Does Sexism Still Exist In The Workplace?

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Does Sexism still exist in the workplace?

Does Sexism still exist in the workplace?


Sexism is the name given to the systematic oppression of women. In its most obvious forms, sexism includes conscious, deliberate, and overt discrimination against women, such as denying women the right to vote or own property, as was the practice in the United States in the early 19th century and is still seen in other parts of the world.

At the other end of the continuum, it also includes subtle behaviors and attitudes that might go unnoticed in everyday life; sexism is operating anytime a woman is expected (or expects herself) to diet to extreme thinness, maintain a youthful appearance in perpetuity, downplay her own competence, accept verbal or physical mistreatment, or otherwise “know her place” (Wolf, 2007). Although the conceptual isolation of sexism is useful for the purposes of discussion, it is important to note that sexism is just one part of an interlocking system of oppression that also includes racism, heterosexism, and classism, among others. So although some overarching themes can be explored with regard to sexism, these themes play out differently in the lives of women of color, lesbians, bisexual women, transgendered people, and poor and working-class women.


The so-called weapons of sexism include violence against women, homophobia, and economics. Males can exercise their aggressive masculinity by committing violence against females to keep them subordinate. Feminists charge that the global proliferation of pornography and the pandemic of battering, rape, sex trafficking, and sexual harassment are evidence of patriarchy as an oppressive worldwide system (Walker, 2006).

Economics is another weapon of sexism. Keeping females less well off economically than males, even though they often have the responsibility of supporting their children or older relatives, ensures female subordination. Unlike in the past, women today are more likely to be financially responsible for children (Albelda, 2005). Women's responsibility for children in a society that does not provide day care and other social services tends to leave them poor. U.S. females working full time earn about $.78 for every dollar earned by a male. Since the Reagan era, poverty has increased among women, a trend known as the feminization of poverty (Sheffield, 2004).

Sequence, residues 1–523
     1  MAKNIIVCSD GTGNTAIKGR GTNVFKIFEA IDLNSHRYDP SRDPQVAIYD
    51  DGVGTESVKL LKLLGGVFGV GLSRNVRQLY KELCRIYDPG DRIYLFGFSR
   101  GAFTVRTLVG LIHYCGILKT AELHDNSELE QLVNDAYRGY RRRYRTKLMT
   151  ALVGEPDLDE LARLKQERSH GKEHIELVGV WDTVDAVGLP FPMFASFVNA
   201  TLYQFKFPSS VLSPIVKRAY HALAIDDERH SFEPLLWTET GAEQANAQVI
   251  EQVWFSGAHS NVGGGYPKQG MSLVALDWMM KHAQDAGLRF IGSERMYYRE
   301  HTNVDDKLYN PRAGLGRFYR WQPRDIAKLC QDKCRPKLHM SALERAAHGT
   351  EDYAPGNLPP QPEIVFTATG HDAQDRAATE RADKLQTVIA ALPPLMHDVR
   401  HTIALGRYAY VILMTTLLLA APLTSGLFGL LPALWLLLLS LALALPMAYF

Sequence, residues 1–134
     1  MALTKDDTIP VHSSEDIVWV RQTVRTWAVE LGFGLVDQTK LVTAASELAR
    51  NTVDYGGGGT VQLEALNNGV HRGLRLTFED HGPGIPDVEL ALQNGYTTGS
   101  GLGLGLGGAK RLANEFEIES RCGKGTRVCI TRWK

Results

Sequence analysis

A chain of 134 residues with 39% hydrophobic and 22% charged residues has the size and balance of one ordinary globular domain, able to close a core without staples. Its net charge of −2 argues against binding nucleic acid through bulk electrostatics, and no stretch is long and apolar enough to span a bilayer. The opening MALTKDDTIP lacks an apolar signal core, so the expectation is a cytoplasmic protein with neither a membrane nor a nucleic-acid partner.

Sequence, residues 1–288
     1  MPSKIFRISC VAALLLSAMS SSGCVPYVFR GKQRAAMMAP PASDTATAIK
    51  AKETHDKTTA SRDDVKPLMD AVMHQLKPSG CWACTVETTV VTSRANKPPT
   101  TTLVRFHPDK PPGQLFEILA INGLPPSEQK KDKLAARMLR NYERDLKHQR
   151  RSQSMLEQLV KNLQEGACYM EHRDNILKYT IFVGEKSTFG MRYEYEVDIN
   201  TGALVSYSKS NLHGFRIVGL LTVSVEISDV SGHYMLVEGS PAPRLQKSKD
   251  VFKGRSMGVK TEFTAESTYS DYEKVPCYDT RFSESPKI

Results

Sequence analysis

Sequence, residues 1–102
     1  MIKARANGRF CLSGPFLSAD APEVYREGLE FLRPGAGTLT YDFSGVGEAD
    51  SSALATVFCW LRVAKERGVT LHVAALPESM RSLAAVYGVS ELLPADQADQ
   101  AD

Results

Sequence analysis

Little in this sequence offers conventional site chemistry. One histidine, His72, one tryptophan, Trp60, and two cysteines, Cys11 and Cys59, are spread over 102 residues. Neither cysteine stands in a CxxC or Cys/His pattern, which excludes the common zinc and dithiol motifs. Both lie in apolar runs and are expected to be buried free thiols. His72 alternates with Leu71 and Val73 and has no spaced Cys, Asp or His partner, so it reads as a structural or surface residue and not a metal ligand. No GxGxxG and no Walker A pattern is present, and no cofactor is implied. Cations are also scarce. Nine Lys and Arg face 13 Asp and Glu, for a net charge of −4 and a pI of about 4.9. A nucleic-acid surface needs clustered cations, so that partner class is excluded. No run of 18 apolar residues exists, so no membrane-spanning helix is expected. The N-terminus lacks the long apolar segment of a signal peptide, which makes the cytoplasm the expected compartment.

Sexism in the United States

The Wage Cap

The wage gap is one of the most obvious and enduring examples of the continuing presence of sexism in American culture. Despite the passing of the Equal Pay Act in 1963, which outlawed sex discrimination regarding pay, the U.S. Census Bureau reported in 2005 that for every dollar that a man earns, a woman earns 77 cents. The same report demonstrated that women are 40% more likely to live in poverty than are men (Ronai, 2007).

The National Committee on Pay Equity, a coalition of legal, educational, professional, and civil rights organizations, explained in 2005 that women workers are concentrated in low-wage paying occupations such as clerical, service, and sales positions; furthermore, as women workers become more prevalent in an occupational segment, income levels there decrease. A 2003 ...
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